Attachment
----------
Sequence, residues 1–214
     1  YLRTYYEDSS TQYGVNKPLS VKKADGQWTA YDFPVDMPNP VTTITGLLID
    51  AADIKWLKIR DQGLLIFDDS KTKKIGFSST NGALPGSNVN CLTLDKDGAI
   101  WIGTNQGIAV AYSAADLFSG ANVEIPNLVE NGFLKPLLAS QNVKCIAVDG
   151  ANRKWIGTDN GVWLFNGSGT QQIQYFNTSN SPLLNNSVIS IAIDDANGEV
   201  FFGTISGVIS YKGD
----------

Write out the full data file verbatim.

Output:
Sequence, residues 1–214
     1  YLRTYYEDSS TQYGVNKPLS VKKADGQWTA YDFPVDMPNP VTTITGLLID
    51  AADIKWLKIR DQGLLIFDDS KTKKIGFSST NGALPGSNVN CLTLDKDGAI
   101  WIGTNQGIAV AYSAADLFSG ANVEIPNLVE NGFLKPLLAS QNVKCIAVDG
   151  ANRKWIGTDN GVWLFNGSGT QQIQYFNTSN SPLLNNSVIS IAIDDANGEV
   201  FFGTISGVIS YKGD